Non-living Objects: Acid rain can do severe damage to some of the nation’s most memorable monuments. Buildings, statues, and sculptures are all targets of acid rain.
Over the years people have tried to come up with a way to stop acid rain. One temporary solution occurs in the Northeast, where large amounts of limestone are added to lakes. The best way to end acid rain is to attack it at the source: industrial plantations. The main cause of acid rain comes from burning fossil fuels that pollutes the air. Some options include installing "scrubbers" to existing power plants (tall towers that mix escaping gas with water and lime to produce clean gases), or simply converting to nuclear power energy. Another option is to place small pieces of limestone and burning coal in a stream of compressed air at the bottom of the furnace. This causes sulfur dioxide to react with limestone. However, there seems to be no simple solution to stopping acid rain.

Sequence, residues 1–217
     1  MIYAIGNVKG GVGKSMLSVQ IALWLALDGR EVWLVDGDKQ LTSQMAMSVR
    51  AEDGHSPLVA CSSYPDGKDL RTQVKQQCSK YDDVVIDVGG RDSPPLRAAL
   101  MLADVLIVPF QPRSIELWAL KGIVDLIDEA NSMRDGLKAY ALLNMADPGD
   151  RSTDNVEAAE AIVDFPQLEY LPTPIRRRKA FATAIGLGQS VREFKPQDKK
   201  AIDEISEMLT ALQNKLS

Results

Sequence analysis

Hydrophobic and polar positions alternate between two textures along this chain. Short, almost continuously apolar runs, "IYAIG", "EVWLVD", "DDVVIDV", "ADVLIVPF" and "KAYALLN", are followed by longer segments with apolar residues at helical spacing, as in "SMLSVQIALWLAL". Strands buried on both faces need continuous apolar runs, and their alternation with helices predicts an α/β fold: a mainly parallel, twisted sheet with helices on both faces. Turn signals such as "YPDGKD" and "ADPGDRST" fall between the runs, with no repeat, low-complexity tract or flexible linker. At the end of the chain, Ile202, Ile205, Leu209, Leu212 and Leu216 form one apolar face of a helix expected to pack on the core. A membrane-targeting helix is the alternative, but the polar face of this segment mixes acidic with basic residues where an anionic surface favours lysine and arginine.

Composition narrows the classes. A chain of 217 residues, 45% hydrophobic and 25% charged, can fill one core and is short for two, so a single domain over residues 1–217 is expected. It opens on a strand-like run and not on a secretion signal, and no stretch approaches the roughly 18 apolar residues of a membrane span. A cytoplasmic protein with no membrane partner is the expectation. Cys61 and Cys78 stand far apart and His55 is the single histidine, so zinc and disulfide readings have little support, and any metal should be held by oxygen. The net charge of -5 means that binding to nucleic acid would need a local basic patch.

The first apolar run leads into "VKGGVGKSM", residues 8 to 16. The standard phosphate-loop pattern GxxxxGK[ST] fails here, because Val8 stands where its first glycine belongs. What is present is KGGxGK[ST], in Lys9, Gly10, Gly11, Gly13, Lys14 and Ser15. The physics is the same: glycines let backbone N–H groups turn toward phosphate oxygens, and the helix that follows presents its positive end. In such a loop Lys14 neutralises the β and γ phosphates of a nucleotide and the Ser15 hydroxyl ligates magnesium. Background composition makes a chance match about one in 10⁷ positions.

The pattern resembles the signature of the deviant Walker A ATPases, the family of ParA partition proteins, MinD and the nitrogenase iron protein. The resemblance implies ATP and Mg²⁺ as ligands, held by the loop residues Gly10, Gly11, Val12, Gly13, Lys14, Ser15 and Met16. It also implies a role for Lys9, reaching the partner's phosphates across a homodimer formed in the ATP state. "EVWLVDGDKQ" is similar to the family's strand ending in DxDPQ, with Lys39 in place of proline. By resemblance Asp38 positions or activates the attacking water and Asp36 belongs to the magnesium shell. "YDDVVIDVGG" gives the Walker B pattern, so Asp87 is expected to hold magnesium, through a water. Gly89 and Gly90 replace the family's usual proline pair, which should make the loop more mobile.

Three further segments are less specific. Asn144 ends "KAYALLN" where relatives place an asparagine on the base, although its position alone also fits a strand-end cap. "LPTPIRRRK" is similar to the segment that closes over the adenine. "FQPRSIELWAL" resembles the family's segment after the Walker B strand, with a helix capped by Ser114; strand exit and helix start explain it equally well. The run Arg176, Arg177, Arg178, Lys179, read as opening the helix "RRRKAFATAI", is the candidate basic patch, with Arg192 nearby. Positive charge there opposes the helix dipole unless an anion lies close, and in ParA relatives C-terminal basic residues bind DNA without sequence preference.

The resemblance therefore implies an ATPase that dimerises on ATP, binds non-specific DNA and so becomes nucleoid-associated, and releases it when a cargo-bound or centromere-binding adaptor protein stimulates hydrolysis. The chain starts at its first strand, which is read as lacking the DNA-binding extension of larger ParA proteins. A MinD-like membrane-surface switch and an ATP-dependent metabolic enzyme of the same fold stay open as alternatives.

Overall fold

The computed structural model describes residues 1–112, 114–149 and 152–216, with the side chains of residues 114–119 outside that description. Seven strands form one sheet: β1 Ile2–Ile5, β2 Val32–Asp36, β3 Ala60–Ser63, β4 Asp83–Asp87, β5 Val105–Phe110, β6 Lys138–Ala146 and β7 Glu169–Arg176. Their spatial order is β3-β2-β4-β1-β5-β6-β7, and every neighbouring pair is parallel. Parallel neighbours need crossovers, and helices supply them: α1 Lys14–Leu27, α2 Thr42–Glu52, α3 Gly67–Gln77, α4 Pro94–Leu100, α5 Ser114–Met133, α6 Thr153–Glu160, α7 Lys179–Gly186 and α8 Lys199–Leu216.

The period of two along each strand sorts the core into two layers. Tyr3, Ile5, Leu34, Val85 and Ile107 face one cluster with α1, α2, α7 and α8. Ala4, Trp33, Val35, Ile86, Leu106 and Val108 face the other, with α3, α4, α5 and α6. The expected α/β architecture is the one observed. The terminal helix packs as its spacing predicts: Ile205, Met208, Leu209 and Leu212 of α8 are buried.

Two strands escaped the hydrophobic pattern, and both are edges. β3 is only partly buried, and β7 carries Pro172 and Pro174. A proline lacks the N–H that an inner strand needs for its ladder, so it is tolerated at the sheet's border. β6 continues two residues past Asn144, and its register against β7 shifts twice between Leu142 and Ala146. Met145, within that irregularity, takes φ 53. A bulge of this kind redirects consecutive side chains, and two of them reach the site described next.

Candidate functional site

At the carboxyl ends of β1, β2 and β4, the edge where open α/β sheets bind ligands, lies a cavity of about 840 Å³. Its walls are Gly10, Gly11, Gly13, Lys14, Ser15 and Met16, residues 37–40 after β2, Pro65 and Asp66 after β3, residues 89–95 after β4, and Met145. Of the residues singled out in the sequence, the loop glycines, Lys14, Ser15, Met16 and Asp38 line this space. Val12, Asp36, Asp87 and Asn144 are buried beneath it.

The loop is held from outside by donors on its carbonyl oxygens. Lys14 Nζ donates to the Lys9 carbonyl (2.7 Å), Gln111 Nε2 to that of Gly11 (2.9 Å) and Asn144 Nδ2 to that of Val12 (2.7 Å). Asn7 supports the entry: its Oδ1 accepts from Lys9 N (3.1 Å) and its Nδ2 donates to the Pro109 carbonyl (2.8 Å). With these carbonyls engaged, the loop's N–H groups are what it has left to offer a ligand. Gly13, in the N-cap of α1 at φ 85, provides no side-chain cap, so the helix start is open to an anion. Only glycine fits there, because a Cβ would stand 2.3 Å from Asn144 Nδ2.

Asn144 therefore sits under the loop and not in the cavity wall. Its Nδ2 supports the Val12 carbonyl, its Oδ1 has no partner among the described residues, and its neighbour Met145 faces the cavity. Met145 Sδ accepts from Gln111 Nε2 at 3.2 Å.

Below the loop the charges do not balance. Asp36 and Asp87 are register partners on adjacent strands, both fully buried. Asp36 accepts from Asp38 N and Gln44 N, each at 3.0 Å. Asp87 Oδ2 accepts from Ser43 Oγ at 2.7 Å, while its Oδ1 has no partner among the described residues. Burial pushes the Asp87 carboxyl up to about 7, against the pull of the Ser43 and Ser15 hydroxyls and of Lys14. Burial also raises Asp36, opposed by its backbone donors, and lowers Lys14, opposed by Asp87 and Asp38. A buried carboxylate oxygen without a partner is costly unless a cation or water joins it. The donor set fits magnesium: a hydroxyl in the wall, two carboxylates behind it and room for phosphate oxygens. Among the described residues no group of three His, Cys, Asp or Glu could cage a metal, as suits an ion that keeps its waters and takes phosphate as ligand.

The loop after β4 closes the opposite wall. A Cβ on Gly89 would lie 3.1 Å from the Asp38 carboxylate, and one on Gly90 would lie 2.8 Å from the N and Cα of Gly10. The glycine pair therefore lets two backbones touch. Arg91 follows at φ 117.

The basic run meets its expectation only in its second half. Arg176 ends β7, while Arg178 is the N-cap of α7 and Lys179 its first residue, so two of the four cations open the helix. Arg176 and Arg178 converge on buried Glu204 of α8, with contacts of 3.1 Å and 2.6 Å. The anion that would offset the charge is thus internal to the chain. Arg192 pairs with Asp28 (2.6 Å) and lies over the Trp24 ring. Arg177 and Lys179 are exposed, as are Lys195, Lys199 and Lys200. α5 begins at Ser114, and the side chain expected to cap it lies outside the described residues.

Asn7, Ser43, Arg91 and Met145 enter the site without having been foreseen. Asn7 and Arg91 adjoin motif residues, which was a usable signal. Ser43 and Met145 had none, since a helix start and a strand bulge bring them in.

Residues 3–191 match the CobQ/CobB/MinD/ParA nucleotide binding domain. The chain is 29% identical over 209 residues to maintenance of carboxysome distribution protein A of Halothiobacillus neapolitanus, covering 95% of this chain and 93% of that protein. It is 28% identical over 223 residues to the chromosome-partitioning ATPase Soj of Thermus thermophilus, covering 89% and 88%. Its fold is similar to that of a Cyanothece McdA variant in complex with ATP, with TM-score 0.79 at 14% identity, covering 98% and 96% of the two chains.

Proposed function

- Acid Rain unknown Author, unknown Publisher, February 15, 2011.
- Acid Rain - Causes, Effects, and Solutions unknown Author, unknown Publisher, February 15, 2011.
- Acid Rain ThinkQuest Team, unknown, January 28, 2011.
- Acid Snow David R. Cook, unknown Publisher, February 15, 2011.
- cid-fog1 acid fog - AMS Glossary unknown Author, unknown Publisher, February 15, 2011.
- Acid Mist unknown Author, unknown Publisher, February 15, 2011.
- What is Acid Gas unknown Author, unknown Publisher, February 15, 2011.
- Define Acid dust unknown Author, unknown Publisher, February 15, 2011.
-  ThinkQuest Team, unknown, January 25, 2011.
- Cox, Porch, and Wetzel. Chemistry for Christian Schools. South Carolina: Bob Jones University Press, 2000. (p.395).